Ashley Smith was a young teenager at the time of her first offence and her first offence was not unlike that of a child. Hurling crab apples at a postman because you think he is withholding the welfare cheque is a childish way of wanting to right a bad situation, but once the civil servant decided to press charges, Ashley became a poster child for unsupervised, undiagnosed, ineffective confinement.
Ashley’s childhood was not riddled with childhood adversities or personal tragedy – her adoptive parents can attest to her “very typical” upbringing in Atlantic Canada – yet she went on to break the mould with what’s now almost common place in teenage behaviour: post digital social anxiety, riddled with boredom, impatience and entitlement, served with a side helping of undiagnosed learning disabilities and mental health issues.
She found social solidarity in Juvenile Detention and why wouldn’t you turn life into a Hayley Mills movie to create your own reality? Like most fourteen year olds, Ashley and her new friends loved to provoke the guards. Their antics would be her only source of entertainment for the next four years.
“Ashley Smith had the heart of a child. She packed stuffed animals and CDs to take to prison,” quoted her friend Jessica. Jess also mentioned, “we’d dig holes in the floor until we could hear each other and read Harry Potter. We read the whole series, she loved it. Ashley wouldn’t hurt anyone.”
According to Crown Attorney Margaret Creal, assigned to work with the coroner on the case, one guard named Melissa was quite nice to Ashley. Ashley loved to watch What Not To Wear, a live make-over show helping people with personalized styling. Melissa also testified that Ashley had never worn make up. Melissa promised Ashley she would bring a make-up bag the day she was supposed to get released and do her make-up for her, but, in 2007 Ashley successfully choked herself to death while in solitary confinement.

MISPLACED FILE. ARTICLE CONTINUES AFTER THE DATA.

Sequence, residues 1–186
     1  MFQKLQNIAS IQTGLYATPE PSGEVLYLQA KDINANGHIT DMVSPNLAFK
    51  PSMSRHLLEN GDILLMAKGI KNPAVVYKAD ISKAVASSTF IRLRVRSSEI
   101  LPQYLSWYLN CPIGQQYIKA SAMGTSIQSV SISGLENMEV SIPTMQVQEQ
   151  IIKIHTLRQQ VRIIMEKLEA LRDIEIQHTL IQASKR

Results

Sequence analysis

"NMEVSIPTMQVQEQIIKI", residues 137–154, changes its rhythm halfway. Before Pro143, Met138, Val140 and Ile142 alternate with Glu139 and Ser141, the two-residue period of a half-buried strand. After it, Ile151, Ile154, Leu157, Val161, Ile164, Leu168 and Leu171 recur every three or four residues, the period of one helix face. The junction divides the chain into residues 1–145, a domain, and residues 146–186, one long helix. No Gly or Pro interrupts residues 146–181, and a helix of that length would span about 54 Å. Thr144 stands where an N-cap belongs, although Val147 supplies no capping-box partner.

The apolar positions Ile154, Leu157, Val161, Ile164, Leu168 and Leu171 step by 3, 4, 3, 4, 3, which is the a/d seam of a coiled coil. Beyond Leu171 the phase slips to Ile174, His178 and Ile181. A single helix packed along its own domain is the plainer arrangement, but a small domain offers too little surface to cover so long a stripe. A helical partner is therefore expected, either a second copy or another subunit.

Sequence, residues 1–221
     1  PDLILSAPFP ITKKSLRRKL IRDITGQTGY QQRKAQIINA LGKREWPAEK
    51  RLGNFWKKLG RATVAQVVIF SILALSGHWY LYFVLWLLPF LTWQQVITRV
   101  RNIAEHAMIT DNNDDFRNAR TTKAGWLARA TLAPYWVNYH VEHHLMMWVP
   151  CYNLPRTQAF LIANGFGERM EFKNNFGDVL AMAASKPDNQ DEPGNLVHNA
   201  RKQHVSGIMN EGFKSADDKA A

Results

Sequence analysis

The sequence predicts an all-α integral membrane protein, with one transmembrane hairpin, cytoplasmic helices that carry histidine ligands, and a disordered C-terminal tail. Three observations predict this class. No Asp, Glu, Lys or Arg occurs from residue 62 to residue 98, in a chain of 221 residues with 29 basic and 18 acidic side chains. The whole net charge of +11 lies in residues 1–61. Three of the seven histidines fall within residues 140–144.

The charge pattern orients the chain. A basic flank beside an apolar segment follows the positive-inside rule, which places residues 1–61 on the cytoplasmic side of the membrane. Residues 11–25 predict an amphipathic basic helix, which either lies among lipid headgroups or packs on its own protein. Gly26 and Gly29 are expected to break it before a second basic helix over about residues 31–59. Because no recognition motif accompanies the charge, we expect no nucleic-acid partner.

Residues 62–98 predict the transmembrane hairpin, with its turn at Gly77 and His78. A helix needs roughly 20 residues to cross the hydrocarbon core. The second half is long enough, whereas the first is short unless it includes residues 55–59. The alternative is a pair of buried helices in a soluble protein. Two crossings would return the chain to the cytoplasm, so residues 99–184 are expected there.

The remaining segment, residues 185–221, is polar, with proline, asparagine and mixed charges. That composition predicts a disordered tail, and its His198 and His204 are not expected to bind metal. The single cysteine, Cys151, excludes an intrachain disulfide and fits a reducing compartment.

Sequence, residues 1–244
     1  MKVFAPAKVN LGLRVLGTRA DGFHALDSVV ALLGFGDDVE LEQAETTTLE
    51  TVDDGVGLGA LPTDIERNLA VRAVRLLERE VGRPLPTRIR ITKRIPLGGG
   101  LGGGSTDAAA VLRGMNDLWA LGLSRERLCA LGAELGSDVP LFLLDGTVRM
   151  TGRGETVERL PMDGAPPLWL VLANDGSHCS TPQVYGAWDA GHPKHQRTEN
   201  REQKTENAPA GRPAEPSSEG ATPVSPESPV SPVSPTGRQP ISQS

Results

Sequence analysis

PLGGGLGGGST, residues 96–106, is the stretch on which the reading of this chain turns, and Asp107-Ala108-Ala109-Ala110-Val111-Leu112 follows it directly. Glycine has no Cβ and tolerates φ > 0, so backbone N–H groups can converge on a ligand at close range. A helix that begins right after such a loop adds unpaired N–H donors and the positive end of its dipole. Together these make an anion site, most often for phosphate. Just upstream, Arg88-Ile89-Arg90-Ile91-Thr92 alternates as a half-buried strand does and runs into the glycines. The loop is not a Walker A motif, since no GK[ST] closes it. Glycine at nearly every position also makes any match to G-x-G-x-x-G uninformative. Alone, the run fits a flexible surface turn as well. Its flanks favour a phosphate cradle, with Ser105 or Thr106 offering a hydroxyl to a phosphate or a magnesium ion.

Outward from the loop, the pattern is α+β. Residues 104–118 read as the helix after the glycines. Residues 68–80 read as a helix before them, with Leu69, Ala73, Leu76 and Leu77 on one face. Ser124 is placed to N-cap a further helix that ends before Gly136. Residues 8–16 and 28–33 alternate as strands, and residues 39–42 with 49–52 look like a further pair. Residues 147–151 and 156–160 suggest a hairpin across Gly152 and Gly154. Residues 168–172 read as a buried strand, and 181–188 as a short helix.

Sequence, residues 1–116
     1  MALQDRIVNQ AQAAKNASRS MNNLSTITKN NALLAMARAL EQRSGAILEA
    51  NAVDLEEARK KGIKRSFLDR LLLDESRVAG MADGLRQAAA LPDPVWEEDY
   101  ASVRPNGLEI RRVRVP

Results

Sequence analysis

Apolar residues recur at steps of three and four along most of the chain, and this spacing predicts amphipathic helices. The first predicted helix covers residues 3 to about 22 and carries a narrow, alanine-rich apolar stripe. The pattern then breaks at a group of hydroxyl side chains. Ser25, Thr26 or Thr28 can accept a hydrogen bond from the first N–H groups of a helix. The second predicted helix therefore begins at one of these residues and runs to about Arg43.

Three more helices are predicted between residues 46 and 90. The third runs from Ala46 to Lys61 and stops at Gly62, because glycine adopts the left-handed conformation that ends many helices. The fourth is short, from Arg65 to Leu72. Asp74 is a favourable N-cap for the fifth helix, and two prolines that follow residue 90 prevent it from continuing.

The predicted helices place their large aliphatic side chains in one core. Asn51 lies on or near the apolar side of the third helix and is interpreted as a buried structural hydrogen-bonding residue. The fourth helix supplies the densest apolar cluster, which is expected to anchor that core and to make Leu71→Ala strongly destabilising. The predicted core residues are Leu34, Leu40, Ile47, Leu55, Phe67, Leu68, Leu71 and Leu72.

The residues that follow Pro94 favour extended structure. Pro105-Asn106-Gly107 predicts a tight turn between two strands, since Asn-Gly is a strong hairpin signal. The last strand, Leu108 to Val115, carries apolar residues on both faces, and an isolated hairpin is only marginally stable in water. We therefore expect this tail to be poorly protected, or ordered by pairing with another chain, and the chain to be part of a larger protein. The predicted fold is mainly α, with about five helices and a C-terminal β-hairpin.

In 2007, the year she died, she’d spent four and a half years incarcerated with two-thirds of her sentence in “therapeutic quiet” or “solitary confinement”. She’d been tazered twice and incurred over 800 prison charges and violations.
In almost all the footage, the treatment was the same: fully armed guards with full frontal masks, physically restraining her on a gurney while trying to wrap her in what looks like a toboggan with velcro straps and a hockey mask. She was often left overnight in the restraint, soaking in her own urine. And yet in all the footage you can hear her say please and thank you after almost every request.
How did we let this happen? With proper sleep and nutrition being essential to brain and behaviour development, how did we fail so badly here?
There are reports that removal and transfer laws, stating that an inmate cannot be in solitary confinement for more than three months, were circumvented by continually transferring her before the 90 day period, making it nearly impossible to get a diagnosis for psychiatric care, despite the endless resources the prison system has access to. It also proved to be respite for prison staff required to wait until Ashley was “non-breathing” before going in her cell to prevent her from choking.
Ashley wrote to administration, often. She voiced her concern regarding exercise and social engagement – a hard task for most students these days, given the continued decline in social, emotional and academic functioning – and the only thing that really got attention was her attempts to tie ligatures around her neck.
Ashley had no advocates, except for a weekly nurse and a drop-in prison representative who mentioned her repeated requests for someone to talk to but seemingly did not action anything.
Ashley Smith leaves a long legacy. The laws of restraint in Canada are changed forever: no longer will permission need to be granted for emergency procedures, adequate staffing of qualified mental health staff is now mandatory, as well as creating a federally operated treatment centre for high needs, high risk women complete with independent patient
Ashley Smith’s case was the first and only case in Canadian Penitentiary that was tried and convicted as a homicide from an all female jury, resulting in a long list of suggestions and recommendations we should feel ashamed to need.